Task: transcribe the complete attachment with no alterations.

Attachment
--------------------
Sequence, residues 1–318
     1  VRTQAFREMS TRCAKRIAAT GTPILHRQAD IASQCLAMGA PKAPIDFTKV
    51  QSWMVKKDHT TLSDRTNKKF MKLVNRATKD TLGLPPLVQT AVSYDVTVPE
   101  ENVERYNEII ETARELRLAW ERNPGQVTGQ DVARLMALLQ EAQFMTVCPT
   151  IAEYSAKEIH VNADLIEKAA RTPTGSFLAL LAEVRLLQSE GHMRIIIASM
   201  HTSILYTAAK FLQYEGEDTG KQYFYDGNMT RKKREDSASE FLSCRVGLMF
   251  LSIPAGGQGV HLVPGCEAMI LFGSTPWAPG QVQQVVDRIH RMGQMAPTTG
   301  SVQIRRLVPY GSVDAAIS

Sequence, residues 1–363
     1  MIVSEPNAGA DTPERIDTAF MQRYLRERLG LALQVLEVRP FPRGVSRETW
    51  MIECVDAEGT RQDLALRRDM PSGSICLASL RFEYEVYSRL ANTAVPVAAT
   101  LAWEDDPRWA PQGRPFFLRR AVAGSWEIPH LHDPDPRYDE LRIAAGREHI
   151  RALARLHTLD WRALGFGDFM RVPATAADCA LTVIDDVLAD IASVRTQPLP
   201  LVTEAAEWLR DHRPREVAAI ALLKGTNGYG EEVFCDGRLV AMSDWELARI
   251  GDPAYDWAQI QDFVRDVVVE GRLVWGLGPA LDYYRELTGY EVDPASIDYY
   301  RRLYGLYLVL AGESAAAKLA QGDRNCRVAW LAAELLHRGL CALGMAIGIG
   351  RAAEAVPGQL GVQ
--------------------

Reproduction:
Sequence, residues 1–318
     1  VRTQAFREMS TRCAKRIAAT GTPILHRQAD IASQCLAMGA PKAPIDFTKV
    51  QSWMVKKDHT TLSDRTNKKF MKLVNRATKD TLGLPPLVQT AVSYDVTVPE
   101  ENVERYNEII ETARELRLAW ERNPGQVTGQ DVARLMALLQ EAQFMTVCPT
   151  IAEYSAKEIH VNADLIEKAA RTPTGSFLAL LAEVRLLQSE GHMRIIIASM
   201  HTSILYTAAK FLQYEGEDTG KQYFYDGNMT RKKREDSASE FLSCRVGLMF
   251  LSIPAGGQGV HLVPGCEAMI LFGSTPWAPG QVQQVVDRIH RMGQMAPTTG
   301  SVQIRRLVPY GSVDAAIS

Sequence, residues 1–363
     1  MIVSEPNAGA DTPERIDTAF MQRYLRERLG LALQVLEVRP FPRGVSRETW
    51  MIECVDAEGT RQDLALRRDM PSGSICLASL RFEYEVYSRL ANTAVPVAAT
   101  LAWEDDPRWA PQGRPFFLRR AVAGSWEIPH LHDPDPRYDE LRIAAGREHI
   151  RALARLHTLD WRALGFGDFM RVPATAADCA LTVIDDVLAD IASVRTQPLP
   201  LVTEAAEWLR DHRPREVAAI ALLKGTNGYG EEVFCDGRLV AMSDWELARI
   251  GDPAYDWAQI QDFVRDVVVE GRLVWGLGPA LDYYRELTGY EVDPASIDYY
   301  RRLYGLYLVL AGESAAAKLA QGDRNCRVAW LAAELLHRGL CALGMAIGIG
   351  RAAEAVPGQL GVQ